ENGL433 - American Literature: 1914 to the Present, the Modern Period

Prerequisite: Two English courses in literature; or permission of ARHU-English department.

Modernism, Postmodernism. Writers such as Stevens, Stein, Ellison.

From modernism to postmodernism and beyond, from World War I and the “Lost Generation” to 9/11 and Millennials, from jazz poets to graphic novelists, this course will explore twentieth and twenty-first century literature. Tracking political and cultural developments through this period, we will examine how literature responds to and influences our conceptions of America. Along the way, we’ll ask questions such as…

  • What are the major literary movements of the period, and why/how did they come about? Who participates in them – and who deviates from them?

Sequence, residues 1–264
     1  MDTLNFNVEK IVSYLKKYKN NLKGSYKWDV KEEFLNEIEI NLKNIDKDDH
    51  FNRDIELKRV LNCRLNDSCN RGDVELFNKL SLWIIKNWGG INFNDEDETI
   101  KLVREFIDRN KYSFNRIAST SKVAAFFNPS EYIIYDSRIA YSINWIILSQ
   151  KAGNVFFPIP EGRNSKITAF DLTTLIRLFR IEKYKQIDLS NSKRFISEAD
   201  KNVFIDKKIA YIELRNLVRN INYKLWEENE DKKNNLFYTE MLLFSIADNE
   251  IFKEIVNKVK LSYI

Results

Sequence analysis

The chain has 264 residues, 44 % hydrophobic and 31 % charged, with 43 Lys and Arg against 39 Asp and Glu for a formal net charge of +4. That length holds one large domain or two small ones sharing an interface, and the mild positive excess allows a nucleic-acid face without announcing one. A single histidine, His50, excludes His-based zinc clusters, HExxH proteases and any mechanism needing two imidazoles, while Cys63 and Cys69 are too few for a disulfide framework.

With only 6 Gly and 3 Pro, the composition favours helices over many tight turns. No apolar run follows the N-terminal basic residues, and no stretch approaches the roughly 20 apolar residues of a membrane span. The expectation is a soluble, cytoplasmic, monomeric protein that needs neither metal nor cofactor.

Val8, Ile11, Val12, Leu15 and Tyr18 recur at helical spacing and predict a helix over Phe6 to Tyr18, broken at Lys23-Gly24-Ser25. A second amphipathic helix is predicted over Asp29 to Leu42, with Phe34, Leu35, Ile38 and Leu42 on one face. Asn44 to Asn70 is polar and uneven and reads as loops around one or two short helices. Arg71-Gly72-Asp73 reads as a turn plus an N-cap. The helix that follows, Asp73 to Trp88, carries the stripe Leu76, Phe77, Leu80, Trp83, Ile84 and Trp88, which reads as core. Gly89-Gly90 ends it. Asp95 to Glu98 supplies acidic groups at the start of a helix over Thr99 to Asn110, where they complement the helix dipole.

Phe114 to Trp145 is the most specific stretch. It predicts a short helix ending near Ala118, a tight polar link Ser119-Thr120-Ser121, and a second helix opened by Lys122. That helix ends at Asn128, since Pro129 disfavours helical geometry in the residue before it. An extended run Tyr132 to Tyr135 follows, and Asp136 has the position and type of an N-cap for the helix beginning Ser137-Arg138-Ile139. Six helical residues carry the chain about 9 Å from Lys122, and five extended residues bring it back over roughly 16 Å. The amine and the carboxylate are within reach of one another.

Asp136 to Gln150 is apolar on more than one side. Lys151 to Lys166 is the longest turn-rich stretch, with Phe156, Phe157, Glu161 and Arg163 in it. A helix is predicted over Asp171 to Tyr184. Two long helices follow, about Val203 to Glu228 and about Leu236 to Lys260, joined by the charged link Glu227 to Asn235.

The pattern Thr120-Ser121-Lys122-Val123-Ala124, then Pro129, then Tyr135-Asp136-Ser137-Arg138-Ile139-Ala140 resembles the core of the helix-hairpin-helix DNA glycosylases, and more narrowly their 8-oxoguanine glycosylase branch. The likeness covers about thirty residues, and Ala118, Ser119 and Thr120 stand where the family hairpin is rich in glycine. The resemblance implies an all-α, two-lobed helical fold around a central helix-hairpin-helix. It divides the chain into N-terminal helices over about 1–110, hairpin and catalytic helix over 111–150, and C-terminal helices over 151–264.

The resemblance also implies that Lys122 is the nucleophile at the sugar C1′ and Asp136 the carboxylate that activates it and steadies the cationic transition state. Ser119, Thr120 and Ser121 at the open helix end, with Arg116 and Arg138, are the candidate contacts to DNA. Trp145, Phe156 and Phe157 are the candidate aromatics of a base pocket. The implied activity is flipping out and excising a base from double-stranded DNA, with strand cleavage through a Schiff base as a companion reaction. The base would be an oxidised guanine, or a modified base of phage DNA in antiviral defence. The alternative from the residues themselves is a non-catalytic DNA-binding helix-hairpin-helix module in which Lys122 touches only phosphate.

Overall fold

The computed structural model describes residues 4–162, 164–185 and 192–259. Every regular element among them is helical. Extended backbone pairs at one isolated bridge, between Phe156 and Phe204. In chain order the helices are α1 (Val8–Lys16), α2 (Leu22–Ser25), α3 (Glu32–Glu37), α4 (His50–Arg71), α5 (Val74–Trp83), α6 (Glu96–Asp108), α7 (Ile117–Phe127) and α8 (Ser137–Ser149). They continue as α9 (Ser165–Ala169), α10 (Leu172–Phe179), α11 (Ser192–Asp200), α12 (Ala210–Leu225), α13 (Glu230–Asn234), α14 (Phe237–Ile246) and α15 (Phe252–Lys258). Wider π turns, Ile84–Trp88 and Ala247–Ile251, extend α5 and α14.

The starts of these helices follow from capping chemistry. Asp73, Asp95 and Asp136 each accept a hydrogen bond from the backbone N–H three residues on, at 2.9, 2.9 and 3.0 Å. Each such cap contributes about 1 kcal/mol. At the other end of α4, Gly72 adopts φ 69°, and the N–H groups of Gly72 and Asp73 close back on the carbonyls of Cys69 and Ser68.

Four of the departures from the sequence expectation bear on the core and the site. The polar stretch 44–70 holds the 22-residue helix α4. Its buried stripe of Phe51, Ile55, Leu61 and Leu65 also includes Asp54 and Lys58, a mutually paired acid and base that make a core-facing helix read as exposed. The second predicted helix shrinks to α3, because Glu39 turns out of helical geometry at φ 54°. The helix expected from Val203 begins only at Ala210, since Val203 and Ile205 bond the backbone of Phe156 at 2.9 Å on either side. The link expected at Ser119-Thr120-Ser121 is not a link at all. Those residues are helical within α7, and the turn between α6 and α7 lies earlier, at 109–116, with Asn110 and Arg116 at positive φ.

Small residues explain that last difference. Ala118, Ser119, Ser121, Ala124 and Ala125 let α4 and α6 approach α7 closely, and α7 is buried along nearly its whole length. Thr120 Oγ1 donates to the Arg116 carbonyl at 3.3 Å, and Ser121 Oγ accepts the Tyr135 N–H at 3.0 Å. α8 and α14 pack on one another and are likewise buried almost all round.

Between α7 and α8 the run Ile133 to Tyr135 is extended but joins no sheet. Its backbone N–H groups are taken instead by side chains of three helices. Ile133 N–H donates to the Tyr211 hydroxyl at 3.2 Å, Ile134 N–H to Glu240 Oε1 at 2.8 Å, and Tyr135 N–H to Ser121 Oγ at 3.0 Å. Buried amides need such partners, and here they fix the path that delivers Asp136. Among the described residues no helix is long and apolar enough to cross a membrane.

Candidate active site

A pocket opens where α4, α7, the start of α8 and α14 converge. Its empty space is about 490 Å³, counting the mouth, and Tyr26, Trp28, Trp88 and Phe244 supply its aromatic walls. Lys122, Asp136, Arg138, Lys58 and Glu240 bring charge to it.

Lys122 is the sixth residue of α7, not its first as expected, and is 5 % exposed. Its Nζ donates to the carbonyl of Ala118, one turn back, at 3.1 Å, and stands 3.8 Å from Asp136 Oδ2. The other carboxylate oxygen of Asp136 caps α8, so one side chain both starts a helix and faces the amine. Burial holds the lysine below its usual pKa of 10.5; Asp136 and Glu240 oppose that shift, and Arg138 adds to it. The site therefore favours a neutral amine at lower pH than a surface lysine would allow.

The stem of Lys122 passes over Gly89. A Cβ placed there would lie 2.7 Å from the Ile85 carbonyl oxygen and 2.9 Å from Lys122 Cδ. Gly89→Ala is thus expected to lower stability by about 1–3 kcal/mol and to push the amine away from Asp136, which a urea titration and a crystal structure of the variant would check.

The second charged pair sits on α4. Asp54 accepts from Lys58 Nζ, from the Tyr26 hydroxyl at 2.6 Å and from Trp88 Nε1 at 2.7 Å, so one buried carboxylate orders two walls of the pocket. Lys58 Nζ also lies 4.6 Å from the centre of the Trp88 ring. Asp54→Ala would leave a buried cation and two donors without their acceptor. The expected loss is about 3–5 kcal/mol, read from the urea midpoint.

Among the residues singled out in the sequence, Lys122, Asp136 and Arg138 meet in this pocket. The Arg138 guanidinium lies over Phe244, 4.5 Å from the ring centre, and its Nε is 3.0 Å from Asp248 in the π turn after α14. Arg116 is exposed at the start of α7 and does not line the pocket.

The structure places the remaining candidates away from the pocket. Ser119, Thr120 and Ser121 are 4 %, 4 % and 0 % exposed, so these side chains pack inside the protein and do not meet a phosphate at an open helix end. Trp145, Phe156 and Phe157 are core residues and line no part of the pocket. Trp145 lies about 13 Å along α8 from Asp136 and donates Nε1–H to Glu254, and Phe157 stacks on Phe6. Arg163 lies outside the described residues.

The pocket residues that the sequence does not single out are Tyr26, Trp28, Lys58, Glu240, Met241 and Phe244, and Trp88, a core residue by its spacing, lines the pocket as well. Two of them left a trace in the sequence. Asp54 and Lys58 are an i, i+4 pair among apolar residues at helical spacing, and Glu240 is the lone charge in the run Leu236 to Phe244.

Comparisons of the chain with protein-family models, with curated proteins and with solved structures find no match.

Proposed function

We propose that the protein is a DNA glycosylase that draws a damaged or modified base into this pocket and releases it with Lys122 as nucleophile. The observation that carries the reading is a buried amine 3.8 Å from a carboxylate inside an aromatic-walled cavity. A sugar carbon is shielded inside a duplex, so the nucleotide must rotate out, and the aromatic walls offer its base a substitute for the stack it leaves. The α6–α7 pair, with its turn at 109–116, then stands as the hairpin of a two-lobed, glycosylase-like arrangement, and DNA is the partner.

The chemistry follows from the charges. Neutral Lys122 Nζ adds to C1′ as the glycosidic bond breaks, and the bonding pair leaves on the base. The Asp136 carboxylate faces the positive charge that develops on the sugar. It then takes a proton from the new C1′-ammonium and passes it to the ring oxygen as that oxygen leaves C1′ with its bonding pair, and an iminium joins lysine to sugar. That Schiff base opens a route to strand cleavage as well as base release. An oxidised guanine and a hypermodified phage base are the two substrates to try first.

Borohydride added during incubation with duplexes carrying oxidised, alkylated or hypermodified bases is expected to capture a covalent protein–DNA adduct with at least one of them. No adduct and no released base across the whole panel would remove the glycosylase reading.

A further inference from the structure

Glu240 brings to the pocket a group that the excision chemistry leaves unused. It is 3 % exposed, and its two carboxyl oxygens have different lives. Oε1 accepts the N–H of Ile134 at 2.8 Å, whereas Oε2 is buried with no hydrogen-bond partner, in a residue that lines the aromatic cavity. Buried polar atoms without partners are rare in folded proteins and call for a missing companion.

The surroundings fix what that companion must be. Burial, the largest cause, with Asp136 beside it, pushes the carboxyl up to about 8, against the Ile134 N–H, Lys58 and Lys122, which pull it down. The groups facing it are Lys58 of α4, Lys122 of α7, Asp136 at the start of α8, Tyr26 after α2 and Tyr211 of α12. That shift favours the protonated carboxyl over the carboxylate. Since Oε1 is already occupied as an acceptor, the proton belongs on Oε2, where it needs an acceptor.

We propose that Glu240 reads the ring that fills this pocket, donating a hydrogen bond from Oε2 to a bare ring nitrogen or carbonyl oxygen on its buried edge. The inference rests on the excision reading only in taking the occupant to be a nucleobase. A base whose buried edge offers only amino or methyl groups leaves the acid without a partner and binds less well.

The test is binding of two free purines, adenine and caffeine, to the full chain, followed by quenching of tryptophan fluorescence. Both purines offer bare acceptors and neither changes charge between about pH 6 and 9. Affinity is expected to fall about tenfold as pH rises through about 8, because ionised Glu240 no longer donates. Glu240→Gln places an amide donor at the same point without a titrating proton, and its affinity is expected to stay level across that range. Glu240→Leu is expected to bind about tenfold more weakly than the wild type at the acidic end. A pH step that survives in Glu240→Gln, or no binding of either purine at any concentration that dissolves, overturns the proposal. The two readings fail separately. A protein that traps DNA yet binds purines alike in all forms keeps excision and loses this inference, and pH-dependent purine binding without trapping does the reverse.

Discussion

• How do different writers use various genres, and how do they create new generic categories?
  • How do literature and law interact, especially regarding legislative acts and judicial decisions such the Sedition Act of 1918, Korematsu v. U.S., Brown v. Board of Education, the Immigration and Nationality Act of 1965, Roe v. Wade, and the Patriot Act?
  • How do increasing transnational networks and globalization in this period shape U.S. literary production?

Potential authors include: James Weldon Johnson, Ernest Hemingway, Jean Toomer, Claude McKay, Langston Hughes, John Dos Passos, Jovita González, Zora Neale Hurston, Miné Okubo, James Baldwin, Kurt Vonnegut, Gloria Anzaldúa, Hisaye Yamamoto, Edward Albee, Anne Sexton, Toni Morrison, Sherman Alexie, Cherríe Moraga, Kyle Baker, Chang-Rae Lee, Anna Deavere Smith, Ayad Akhtar, and Lin-Manuel Miranda